After graduating from Harvard with a Bachelor of Arts in Advanced Neurobiology, Duckworth adjusted her original plan to attend medical school. Instead, she opted to earn a Ph.D. in Psychology at the University of Pennsylvania and now takes a more unstructured approach to goal setting. “An ultimate goal, a top-level goal, is like a north star. It is super useful and I’m not backing down from recognizing the usefulness of having a purpose,” she said.
Duckworth went on to explain how people feel this intense pressure to define a singular passion or “north star” when in reality, they should explore their many interests and values. Duckworth suggests that everyone ask themselves: “What are your values and where does your attention go spontaneously?”
“I love words. I’m really interested in human nature. One of my values is kindness and another value is excellence,” said Duckworth. “I found something that’s at the intersection of those two interests and those two values.”
At the end of the interview, Duckworth offered some essential advice for remaining hopeful and goal-oriented in the face of adversity. Much of this advice was rooted in her reflection on the Covid-19 pandemic.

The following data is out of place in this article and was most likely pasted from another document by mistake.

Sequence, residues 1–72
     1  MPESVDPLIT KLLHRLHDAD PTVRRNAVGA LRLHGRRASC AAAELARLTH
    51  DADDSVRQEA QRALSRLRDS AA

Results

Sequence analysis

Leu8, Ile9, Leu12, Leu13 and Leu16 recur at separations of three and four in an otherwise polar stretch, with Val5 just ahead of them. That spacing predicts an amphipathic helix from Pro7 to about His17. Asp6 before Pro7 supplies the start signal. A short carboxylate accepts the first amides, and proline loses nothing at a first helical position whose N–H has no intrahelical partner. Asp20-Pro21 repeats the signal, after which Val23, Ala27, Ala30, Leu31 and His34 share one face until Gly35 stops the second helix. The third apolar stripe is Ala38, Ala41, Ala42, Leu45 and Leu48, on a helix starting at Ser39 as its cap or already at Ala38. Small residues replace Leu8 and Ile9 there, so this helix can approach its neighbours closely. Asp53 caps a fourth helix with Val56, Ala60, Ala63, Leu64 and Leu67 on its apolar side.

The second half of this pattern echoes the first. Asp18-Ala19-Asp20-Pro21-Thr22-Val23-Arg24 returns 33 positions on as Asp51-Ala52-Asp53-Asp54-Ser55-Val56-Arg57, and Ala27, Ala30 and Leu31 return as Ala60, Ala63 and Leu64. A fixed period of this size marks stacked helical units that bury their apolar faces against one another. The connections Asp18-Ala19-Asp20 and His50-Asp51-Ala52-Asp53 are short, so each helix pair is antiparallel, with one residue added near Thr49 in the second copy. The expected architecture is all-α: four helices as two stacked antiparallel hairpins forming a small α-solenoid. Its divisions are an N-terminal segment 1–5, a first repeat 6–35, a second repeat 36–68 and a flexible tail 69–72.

“My recommendation isn’t just, ‘Hey, be gritty!’ — I’m convinced that pep talks don’t do very much for anyone,” she said. “But I do think that every time we experience emotions… that hopelessness that every one of us, including myself has felt, the first thing to do is to notice. To notice when you’re feeling exhausted, burnt out, or without hope. The next thing is to ask yourself in a curious, almost third-person way as if you were talking to a close friend, ‘I wonder why that is? What’s going on in life that makes me feel this way?’”
While other self-help books may offer the typical “fake it till you make it” advice, Duckworth prescribes a deep, personal reflection when facing failure or external challenges. Even in the face of external challenges, Duckworth explains that following this approach allows for “agentic hope” — the belief that “I can do this if I try.”
In a world congested with 10-year plans, Duckworth reminds readers that finding a purpose and calling is a beautifully messy and often long process that takes immense amounts of patience and trial and error. After reading “Grit,” readers will walk away with a profound sense of agency over their life and ability to achieve. With that power comes great responsibility — the responsibility to treat failure with compassion and find positivity in redirection.
While her book remains undeniably inspiring, the real inspiration is Duckworth’s personal success from following a set of her interests and passions to craft and achieve her goals. Duckworth brings a lightness and a level of creativity to goal setting, ultimately inspiring more dreamers to do.